Crestwood voters OK measure adding censure to City Charter

By BURKE WASSON

Despite having its motives and even its very existence questioned, the work of the Crestwood Charter Review Commission has resulted in some change.

Crestwood residents voted last week to include a provision in the charter that allows for the censure of elected officials who commit a charter violation. The only such disciplinary method that has existed in the city’s charter, which was drafted in 1995, has been removal from office.

For this reason, Charter Review Commission member John Bell said that the commission recommended this change as “as a middle ground in between taking no action or removing a person from office.”

The censure option, which essentially is a public reprimand for a charter violation, was placed on the Nov. 7 ballot as Proposition 3 and was approved by 57.79 percent of 5,693 people who voted on that proposal.

Proposition 3 was the only one of five proposed amendments made by the Charter Review Commission that was approved last week by voters. Other proposed amendments — including eliminating term limits for aldermen, reducing the signatures required for initiative, referendum and recall petitions and adding several wording changes to the charter were defeated.

Proposition 1, which proposed amending 18 sections of the charter by changing and updating various language, was rejected by 54.92 percent of voters. That proposal was voted on by 5,401 residents.

Proposition 2, which would have eliminated term limits for aldermen, was shot down by 63.59 percent of voters. That proposal was voted on by 5,806 residents — more than any of the five propositions received.

Proposition 4, which would have reduced the number of signatures required on a petition for initiative and referendum, garnered the most opposition from Crestwood residents in the election and was nixed by 64.67 percent of voters. That proposal was voted on by 5,766 residents.

Proposition 5, which would have cut the number of signatures needed on a petition for recall, was denied by 60.81 percent of voters. That proposal was voted on by 5,744 residents.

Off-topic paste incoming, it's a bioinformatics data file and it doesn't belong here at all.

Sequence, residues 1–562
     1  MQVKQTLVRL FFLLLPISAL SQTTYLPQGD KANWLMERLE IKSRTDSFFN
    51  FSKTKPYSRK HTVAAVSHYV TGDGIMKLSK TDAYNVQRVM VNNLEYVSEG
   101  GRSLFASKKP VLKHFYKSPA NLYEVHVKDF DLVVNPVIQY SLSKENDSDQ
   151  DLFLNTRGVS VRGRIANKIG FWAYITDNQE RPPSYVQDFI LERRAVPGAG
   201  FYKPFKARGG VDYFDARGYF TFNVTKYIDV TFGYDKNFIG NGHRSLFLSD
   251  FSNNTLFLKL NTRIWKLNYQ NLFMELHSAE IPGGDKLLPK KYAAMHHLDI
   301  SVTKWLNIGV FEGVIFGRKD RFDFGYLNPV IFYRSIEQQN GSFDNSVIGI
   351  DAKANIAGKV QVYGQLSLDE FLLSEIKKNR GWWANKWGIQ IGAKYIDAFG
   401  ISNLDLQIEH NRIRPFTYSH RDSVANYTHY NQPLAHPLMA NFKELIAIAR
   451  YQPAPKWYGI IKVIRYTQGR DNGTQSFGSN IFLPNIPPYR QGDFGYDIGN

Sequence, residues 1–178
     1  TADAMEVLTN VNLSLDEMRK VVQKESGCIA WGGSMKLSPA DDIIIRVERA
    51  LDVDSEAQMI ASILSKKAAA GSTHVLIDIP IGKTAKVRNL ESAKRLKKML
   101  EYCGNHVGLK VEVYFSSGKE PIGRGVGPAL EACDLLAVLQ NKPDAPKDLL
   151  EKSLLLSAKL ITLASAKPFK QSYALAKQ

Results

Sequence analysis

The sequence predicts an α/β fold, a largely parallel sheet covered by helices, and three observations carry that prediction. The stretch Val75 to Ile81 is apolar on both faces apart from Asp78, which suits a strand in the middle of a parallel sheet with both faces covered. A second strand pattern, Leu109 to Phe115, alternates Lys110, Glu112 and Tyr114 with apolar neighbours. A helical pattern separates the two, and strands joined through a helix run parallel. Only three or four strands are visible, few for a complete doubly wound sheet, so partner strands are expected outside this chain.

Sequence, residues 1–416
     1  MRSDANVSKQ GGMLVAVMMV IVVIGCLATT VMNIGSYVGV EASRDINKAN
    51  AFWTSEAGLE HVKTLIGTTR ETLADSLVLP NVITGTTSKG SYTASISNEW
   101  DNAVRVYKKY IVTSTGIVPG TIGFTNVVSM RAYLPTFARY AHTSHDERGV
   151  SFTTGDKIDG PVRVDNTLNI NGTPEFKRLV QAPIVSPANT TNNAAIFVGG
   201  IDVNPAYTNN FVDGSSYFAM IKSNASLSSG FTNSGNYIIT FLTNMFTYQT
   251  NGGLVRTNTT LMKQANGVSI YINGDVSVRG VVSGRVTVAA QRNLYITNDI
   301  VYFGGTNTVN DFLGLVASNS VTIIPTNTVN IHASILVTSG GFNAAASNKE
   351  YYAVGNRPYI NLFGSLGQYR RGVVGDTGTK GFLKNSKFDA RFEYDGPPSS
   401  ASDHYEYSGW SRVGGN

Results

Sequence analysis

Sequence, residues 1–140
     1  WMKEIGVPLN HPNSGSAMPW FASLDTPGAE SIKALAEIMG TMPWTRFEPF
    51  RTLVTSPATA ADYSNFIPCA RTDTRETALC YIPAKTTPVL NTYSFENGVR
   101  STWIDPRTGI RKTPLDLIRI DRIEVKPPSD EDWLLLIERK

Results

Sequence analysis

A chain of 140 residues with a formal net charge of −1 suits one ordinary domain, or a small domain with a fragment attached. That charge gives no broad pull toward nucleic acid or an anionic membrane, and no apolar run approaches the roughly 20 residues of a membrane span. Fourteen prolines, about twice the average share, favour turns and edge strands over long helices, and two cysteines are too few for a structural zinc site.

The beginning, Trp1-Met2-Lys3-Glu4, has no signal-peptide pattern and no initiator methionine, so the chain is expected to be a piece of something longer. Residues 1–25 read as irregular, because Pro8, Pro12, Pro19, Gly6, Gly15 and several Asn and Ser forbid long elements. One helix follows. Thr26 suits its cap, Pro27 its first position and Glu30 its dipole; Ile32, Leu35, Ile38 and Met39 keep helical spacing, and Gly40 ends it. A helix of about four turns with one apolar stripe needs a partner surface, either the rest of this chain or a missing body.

Since the formation of the Charter Review Commission in 2005, some residents had challenged the very existence of the committee because the city did not wait 10 years after its previous review committee disbanded to form a new version. The charter states: “From time to time, but not less than every 10 years, the mayor and Board of Aldermen shall provide for a Charter Review Committee to consider whether any amendments to this charter are appropriate.”

During a May 24, 2005, Board of Aldermen meeting, City Attorney Robert Golterman responded to concerns from resident and now-Civil Service Board member Martha Duchild that he interprets that statement to mean that the Charter Review Commission can meet less than every 10 years.

“If you read the sentence in its entirety, it states ‘from time to time,’ which would suggest that it’s not particularly restrictive,” Golterman said at that meeting. “It goes on to say ‘but not less than every 10 years,’ which I interpreted to mean that in any 10-year period, the Charter Review Committee has to meet at least once. And so we’re in the first 10 years, and they’re meeting in that period of time, and that was my interpretation.”

Mayor Roy Robinson told the Call last week after the election that he is relieved that the recommendations made by the Charter Review Commission have now been voted on by residents.

“I’m very happy it’s over with,” Robinson said. “I could have muddied the waters and removed the commission and done all the things that would have done nothing but cause turmoil. And I’m happy that I allowed the process to go forward with the original people. All these are good people. They all contributed and worked hard. Some people have the perception there was some political things in there, but I couldn’t pick out the people I think would do that. I think (Charter Review Commission Chairman and former Mayor) Jim Brasfield was a good, unbiased-type person who held the thing together and made sure it was done properly. And like I said, I’m glad it’s over. First of all, I don’t like to see a lot of changes to something that is working just fine as it is unless we find that it needs to be changed to move forward.”